4 EdTech Inventions to Add to Harford’s 'Fifty Inventions That Shaped the Modern Economy’

Our own educational technology list of inventions, inspired by a thoroughly enjoyable book.

September 18, 2017

Fifty Inventions That Shaped the Modern Economy by Tim Harford.

Published in August of 2017.

Fifty Inventions started as a podcast, and each chapter is the length of a 9 minute audio essay.  

You will learn, and be able to talk to your significant other or work colleague or total strangers, about topics as diverse as: management consulting, double-entry bookkeeping, radar, plastic, paper money, department stores, barbed wire, infant formula, tax havens, passports, intellectual property, air conditioning, elevators, TV dinners, batteries, robots, disposable razors, insurance, paper, IKEA bookcases, barcodes, the diesel engine, and much else besides.

In coming up with his list inventions that shaped the modern world, Harford makes no claim on either ranking or completeness. Rather, he seems to have picked inventions that lend themselves to larger observations, surprising twists, and colorful protagonists. Good fun.

In the spirit of Harford and Fifty Inventions, I’d like to offer my own incomplete and idiosyncratic list of inventions that have shaped educational technology:

Invention #1 -  PLATO Programmed Logic for Automatic Teaching Operations: 

We tend to forget that before the learning management system (LMS), before the adaptive learning platform, and before the mobile learning app - there was PLATO.  Invented at the University of Illinois in the early 1960s, and eventually licensed to Control Data Systems, PLATO was hugely influential on every educational technology (and many other technologies besides) that came later. The PLATO platform was ultimately a commercial failure, as it pre-dated the internet and the browser - instead running on expensive mainframes and dumb terminals, but it foreshadowed much that would come after it.  Today’s immersive learning environments, and tomorrow’s virtual reality and holographic learning simulations, have their roots in PLATO. So do the touch screen, adaptive learning, and rapid computer generated feedback.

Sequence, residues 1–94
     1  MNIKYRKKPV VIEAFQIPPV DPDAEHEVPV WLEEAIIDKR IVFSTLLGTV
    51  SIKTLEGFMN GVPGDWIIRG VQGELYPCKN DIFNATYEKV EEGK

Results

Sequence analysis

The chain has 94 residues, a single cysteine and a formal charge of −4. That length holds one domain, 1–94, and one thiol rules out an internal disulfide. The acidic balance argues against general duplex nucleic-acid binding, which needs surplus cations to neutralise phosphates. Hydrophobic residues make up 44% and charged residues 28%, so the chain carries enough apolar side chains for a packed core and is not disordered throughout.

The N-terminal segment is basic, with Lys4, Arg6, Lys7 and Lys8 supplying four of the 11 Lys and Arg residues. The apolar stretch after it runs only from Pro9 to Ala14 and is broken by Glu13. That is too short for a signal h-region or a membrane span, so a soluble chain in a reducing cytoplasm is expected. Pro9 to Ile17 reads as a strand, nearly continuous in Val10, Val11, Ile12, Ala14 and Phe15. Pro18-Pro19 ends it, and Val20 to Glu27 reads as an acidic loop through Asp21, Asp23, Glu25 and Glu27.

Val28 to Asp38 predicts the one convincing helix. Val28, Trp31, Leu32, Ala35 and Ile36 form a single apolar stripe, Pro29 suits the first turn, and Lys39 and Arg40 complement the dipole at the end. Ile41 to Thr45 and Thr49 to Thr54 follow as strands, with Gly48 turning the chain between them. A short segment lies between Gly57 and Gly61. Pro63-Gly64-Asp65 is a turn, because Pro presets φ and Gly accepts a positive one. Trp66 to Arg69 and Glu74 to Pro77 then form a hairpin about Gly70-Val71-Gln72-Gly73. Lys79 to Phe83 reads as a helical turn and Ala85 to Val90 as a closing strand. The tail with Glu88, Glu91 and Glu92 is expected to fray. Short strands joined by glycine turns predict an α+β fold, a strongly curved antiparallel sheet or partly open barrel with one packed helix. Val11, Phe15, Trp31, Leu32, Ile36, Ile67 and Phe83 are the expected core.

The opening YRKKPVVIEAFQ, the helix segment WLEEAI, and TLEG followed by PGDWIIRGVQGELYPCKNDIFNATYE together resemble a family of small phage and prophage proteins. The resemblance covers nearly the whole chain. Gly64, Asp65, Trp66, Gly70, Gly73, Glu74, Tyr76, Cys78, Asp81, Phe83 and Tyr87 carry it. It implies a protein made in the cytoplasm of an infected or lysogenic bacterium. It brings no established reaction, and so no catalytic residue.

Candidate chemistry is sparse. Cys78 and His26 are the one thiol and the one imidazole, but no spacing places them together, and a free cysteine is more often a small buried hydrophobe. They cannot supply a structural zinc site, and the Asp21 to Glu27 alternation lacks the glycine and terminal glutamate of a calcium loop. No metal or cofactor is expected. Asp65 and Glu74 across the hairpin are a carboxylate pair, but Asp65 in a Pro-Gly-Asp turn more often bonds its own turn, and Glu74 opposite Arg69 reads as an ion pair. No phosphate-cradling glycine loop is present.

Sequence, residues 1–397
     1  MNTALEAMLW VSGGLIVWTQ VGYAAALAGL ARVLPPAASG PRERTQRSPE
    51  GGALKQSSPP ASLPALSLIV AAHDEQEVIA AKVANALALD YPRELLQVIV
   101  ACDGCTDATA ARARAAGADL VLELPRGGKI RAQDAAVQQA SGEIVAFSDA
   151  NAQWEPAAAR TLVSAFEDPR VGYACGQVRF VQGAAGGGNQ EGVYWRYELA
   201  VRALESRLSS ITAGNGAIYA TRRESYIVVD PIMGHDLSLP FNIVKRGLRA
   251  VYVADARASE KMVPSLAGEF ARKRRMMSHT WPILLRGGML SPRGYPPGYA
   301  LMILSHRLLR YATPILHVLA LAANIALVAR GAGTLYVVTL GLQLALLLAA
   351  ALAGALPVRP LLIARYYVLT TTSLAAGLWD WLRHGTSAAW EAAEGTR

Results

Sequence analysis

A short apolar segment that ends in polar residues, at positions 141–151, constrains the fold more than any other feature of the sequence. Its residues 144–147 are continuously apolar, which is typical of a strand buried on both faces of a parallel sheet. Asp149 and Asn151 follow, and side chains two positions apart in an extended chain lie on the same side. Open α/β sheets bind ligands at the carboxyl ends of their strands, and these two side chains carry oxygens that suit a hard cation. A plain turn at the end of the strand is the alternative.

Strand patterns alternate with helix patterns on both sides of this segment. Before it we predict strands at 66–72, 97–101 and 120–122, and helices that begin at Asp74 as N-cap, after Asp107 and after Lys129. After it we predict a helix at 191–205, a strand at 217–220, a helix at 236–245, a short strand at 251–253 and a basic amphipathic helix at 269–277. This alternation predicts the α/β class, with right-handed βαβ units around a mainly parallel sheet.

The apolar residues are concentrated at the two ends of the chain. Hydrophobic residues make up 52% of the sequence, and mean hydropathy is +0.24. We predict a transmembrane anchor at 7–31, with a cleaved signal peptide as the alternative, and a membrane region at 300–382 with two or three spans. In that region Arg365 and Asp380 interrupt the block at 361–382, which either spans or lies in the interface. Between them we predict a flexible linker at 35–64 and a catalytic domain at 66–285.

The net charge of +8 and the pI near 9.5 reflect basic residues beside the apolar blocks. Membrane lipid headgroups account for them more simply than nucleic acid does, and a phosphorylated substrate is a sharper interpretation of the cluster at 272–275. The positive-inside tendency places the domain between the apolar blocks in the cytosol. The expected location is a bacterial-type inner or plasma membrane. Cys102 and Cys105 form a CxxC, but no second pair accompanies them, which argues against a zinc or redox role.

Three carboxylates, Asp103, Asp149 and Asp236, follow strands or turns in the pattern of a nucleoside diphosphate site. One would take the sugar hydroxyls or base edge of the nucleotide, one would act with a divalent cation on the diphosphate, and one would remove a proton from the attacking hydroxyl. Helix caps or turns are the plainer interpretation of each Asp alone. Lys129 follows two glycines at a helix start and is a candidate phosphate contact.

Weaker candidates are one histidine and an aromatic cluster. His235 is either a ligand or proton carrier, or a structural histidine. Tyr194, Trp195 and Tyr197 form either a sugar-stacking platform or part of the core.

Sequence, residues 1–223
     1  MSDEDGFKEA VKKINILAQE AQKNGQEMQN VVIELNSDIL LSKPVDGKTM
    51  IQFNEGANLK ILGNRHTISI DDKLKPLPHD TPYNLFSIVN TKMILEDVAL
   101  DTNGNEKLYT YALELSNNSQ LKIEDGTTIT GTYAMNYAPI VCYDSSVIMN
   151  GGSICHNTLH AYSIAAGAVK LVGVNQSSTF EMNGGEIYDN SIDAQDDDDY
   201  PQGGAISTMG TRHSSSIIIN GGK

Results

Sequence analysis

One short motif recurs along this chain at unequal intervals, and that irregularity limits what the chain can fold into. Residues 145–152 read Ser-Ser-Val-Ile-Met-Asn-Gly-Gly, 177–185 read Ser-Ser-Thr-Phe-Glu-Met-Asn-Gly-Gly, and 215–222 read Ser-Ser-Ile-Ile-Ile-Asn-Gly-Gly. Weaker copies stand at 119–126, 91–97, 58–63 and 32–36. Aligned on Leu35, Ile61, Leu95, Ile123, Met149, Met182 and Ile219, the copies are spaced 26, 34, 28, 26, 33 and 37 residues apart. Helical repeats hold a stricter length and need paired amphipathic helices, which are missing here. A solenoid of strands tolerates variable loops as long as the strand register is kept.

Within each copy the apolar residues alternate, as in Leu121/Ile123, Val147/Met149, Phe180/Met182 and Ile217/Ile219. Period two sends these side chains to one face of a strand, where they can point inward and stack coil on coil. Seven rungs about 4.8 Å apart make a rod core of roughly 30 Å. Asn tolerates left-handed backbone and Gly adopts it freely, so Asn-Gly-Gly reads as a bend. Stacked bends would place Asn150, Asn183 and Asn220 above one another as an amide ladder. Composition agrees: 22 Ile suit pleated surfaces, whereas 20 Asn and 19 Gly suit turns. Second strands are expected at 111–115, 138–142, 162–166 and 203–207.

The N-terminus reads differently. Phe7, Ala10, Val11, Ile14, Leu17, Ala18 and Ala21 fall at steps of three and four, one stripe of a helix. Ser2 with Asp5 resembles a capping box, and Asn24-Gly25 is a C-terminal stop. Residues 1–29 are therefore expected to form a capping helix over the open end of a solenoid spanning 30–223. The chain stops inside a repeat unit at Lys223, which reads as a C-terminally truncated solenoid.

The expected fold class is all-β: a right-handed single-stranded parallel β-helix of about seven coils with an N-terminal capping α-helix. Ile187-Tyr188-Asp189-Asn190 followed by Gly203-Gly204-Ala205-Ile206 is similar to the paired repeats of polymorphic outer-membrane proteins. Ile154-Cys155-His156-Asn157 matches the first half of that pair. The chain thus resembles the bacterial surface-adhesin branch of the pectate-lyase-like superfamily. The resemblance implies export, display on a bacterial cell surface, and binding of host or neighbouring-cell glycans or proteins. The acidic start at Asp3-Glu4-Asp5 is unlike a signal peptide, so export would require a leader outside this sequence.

Invention #2 - The Little Professor Calculator: 

This was the first piece of educational technology that I ever owned.  In 1976 I was 7 years old, and thanks to this Texas Instruments device, I was a dedicated junior mathematician. It probably helped the my Dad was a “Big Professor”, and come to think of it his face sort of resembles the face of the Little Professor calculator. My young mind was blown by the idea the Little Professor could ask me questions (like 8*9), and I could answer and be instantly told I was right or wrong (“EEE”). Did professors in 1976 worry that this Little Professor calculator was the robot the would eventually take their jobs?

Invention #3 - The Kaypro Luggable Computer: 

In 1982 my Dad brought home our household’s first personal computer - a Kaypro II.  At age 13 I was not doing that well in school. The Kaypro turned that around. For whatever reason, I liked writing papers on the Kaypro. There was something magical about this computer in a big metal suitcase. WordStar seemed like a revelation. The paper that I wrote were saved on 5 1/4 inch floppy disks. (Running a program like WordStar also required inserting a floppy disk, as I don’t think the computer had a hard drive. Is that right?). Without that Kaypro I would have never thought of myself as good at school.

Invention #4 - The Blackboard Learning Management System (LMS): 

I don’t think that Blackboard gets enough credit. The LMS in general, and Blackboard in particular, is much maligned amongst both practitioners and scholars of educational technology. Whatever our critiques of Blackboard and the ubiquitous LMS that the company enabled, it remains a platform that enabled the rapid growth of online and blended learning. Freed from having to know HTML, instructors from every discipline were free to use (or mis-use) the LMS to teach everything from fully online courses to barely digitally-enhanced residential classes.  In grabbing the early picture of Blackboard.com from 1999 using the WayBackMachine, it is amusing to see that Blackboard started as a “FREE service that enables instructors to add online components to their classes, or even host an entire course on the Web”.  That proved to be a successful model, as Blackboard was one of the few edtech companies that made money in its early years.  Today, we are still living in the world of the LMS - for better and for worse - that Blackboard brought into existence.

What edtech inventions would you add to Harford’s list?

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